AIBU to contact his mum??

(44 Posts)
RandomName9 Thu 13-Oct-16 23:54:18

So tonight my son has received a bit of a torrent of abuse via whatsapp from a boy he previously went to school with. It started off with him telling him to "F off", followed by nobody likes you, you have no friends, you are adopted-surprised anyone even took you! Tomorrow I'm going to beat you up, you are so gay etc etc etc.
I was sat next to my son on the sofa so I saw every message come through & the replies he sent back (which were very mature I must say maybe because I was watching! Another boy jumped on the band wagon & joined in the abuse. I could tell my son was really upset, husband done the "manly" bit & said the boy didn't have the guts to beat him up etc etc but I think the damage was already done.

So as not to drip feed; my son has just started secondary school (year 7) in September, he was only 11 in August though. He went to school with the instigator from reception up to year 6 and they were best friends until about March/April of this year..literally in each other's pockets until this point. He made a point of not inviting my son to his party in June but then inviting everybody else & telling him how much fun they had/were having for weeks on end. He pushed my son socially out of all their joint groups & basically made my sons last term at school shit!! So much so, that we celebrated when school finished in July!
Me & my husband believe the boy is jealous because my son passed the 11+ & got the school place they both wanted. I know it sounds ridiculous but his parents were very pushy, he done lots of tuition but ultimately failed very badly, the boy (&his parents) was distraught! The boys didn't have a big row or falling out over anything, it was so bad the school even noticed it. The only thing that ties in time wise is the release of results & school places.

Now as they were such good friends I know his parents & extended family quite well. We have never socialised together though.
They are generally a nice family & I think his mum would be mortified if she knew half of what he's said.. I think the boy can be a bit of a sheep & goes with the flock to "look cool" or "impress" others.

I bit my tongue last term because my husband & son said I would make it worse if I spoke to his mum (& husband thought the boys would get over it & then I'd look like a silly over controlling mum!!!)
Now I am so angry over what's happened this evening, I really want to speak to his mum tomorrow, what should I do??

Unfortunately as they still attend scouts & rugby together simply "blocking" him on social media won't cut it. Would it be unfair to contact her regarding her sons social media use?!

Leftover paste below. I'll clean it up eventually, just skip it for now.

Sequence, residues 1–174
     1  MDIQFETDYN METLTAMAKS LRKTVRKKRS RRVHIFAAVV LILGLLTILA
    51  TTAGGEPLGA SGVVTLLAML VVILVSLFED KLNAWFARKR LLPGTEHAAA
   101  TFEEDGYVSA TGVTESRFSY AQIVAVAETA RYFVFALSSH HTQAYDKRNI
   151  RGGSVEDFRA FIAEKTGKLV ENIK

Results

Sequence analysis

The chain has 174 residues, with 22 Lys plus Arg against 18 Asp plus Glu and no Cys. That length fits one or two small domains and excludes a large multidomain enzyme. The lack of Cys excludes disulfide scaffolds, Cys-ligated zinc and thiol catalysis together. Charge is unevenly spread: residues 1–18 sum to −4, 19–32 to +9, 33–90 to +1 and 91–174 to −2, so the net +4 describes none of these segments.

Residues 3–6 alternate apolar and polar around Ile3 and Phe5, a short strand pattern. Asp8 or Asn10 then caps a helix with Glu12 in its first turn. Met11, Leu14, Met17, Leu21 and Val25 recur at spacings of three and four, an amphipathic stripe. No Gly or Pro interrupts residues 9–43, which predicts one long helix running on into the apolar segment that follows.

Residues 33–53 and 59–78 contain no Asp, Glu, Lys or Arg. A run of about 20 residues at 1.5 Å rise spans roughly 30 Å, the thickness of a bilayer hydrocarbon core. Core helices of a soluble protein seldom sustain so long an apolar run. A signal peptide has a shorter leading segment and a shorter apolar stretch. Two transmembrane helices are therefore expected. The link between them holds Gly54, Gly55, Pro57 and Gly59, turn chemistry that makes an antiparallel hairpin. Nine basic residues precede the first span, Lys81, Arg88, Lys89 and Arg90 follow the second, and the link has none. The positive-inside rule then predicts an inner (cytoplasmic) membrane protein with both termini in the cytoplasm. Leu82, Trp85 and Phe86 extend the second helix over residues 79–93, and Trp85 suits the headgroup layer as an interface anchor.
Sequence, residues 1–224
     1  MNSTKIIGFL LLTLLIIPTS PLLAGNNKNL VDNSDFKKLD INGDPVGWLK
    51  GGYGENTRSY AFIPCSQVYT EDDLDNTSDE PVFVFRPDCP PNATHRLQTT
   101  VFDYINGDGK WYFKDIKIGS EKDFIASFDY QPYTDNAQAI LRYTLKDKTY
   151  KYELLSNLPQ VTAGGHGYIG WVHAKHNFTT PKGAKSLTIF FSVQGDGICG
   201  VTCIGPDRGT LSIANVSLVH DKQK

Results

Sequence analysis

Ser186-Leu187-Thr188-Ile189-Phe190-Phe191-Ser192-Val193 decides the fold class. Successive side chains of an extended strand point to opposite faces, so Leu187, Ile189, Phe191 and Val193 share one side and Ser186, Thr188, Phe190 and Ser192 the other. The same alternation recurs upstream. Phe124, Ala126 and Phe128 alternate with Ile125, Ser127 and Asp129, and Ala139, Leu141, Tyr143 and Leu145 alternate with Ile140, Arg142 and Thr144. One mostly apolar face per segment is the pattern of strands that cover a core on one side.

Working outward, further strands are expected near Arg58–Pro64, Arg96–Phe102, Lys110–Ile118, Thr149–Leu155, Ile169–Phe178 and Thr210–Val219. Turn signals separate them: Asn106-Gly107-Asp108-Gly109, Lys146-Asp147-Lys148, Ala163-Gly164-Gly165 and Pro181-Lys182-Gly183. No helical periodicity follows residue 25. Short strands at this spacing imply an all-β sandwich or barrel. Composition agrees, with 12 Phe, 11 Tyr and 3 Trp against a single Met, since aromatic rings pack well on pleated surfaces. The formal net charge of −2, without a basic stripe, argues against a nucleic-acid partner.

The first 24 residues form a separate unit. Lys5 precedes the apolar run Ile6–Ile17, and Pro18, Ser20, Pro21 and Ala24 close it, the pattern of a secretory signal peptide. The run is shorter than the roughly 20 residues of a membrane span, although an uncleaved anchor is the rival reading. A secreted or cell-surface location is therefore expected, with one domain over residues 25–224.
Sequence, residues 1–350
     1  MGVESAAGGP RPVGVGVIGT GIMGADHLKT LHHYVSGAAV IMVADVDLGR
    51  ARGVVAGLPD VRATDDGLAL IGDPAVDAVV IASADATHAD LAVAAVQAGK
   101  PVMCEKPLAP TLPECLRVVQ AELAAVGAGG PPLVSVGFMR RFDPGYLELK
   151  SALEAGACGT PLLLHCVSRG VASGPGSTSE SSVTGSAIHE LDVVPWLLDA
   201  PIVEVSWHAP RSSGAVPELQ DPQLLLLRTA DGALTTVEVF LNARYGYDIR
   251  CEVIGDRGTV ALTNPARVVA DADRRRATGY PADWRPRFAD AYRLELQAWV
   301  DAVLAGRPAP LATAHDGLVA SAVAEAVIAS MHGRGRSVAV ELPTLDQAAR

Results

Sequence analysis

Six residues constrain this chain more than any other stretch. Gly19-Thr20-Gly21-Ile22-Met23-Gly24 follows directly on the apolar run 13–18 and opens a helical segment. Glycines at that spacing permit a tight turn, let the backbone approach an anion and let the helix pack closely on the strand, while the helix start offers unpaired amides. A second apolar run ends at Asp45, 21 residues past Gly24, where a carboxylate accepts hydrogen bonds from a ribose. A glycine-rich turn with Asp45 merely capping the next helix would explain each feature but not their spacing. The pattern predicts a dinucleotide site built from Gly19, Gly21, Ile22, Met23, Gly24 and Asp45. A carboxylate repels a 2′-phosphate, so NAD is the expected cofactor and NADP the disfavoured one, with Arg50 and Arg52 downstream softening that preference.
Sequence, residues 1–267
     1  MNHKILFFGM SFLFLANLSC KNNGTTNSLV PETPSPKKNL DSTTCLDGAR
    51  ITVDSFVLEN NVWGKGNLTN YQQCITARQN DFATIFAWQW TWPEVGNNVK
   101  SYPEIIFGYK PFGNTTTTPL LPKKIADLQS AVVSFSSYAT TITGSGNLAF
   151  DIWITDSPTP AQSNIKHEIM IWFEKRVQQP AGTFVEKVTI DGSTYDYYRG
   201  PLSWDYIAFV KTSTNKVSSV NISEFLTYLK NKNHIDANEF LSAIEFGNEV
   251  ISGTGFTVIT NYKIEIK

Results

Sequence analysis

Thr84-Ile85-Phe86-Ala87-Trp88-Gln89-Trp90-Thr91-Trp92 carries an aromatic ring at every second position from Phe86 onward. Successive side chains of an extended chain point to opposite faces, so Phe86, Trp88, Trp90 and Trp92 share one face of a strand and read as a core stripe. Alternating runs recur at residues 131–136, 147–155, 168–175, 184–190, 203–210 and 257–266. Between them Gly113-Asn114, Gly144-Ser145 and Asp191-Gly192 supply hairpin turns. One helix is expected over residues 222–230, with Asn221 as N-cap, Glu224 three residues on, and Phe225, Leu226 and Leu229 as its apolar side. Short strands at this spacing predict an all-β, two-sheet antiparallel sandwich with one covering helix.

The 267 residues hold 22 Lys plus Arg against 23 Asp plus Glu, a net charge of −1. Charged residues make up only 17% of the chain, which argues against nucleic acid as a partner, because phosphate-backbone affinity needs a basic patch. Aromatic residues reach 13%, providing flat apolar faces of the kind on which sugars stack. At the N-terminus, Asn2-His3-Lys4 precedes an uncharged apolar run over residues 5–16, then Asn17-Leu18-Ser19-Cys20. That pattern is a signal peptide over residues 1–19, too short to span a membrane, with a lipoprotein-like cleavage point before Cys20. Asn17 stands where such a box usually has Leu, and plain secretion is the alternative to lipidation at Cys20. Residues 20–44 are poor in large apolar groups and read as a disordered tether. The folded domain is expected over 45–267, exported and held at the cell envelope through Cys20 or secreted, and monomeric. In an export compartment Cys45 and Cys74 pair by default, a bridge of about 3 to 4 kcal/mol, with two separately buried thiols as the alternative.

Just as a side note, my son isn't adopted & is generally a really happy confident boy with lots of friends so I think these comments have really hurt him.

TaterTots Thu 13-Oct-16 23:56:30

Seeing as you know the mother and she seems to be a reasonable woman, I'd speak to her.

AmeliaJack Fri 14-Oct-16 00:00:46

Yes, I'd take a print out of the WhatsApp thread and speak to her in a "how can we work together to resolve this" way.

blondieblondie Fri 14-Oct-16 00:00:51

I'd want to know if my son was behaving like that. Hope your son is okay.

TheWrathFromHighAtopTheThing Fri 14-Oct-16 00:00:54

You should show her the texts. She would no doubt be utterly mortified.

Dilligaf81 Fri 14-Oct-16 00:02:28

I'd definitely be speaking to the mum with the phone and messages to show her. Hopefully she is reasonable and deals with it. I wouldn't mention the reason you think it all started though.

SomeDaysIDontGiveAMonkeys Fri 14-Oct-16 00:04:20

What a horrible little shit. Yes I would definitely have a chat with the parent(s).

ImissGrannyW Fri 14-Oct-16 00:09:00

No! Disagree with everyone else. Don't get sucked into silly stuff between kids. Equip your child to cope and deal. If your child is not adopted, then a comment saying "you are adopted" has no weight. Don't make rubbish more important than it is.

If you're worried, talk to the school.

If a child's talking rubbish, don't buy into it - be the grown up, and teach your child to be the same!

chattygranny Fri 14-Oct-16 00:18:56

I agree with ImissGranny. Keep the excellent communications open with your son and equip him as you have done to deal with this. The only thing I might do is at rugby and scouts maybe you could just let the leaders/ coaches know in a private conversation to look out for any bullying there. If those activities are a different mix of children the bully might not be so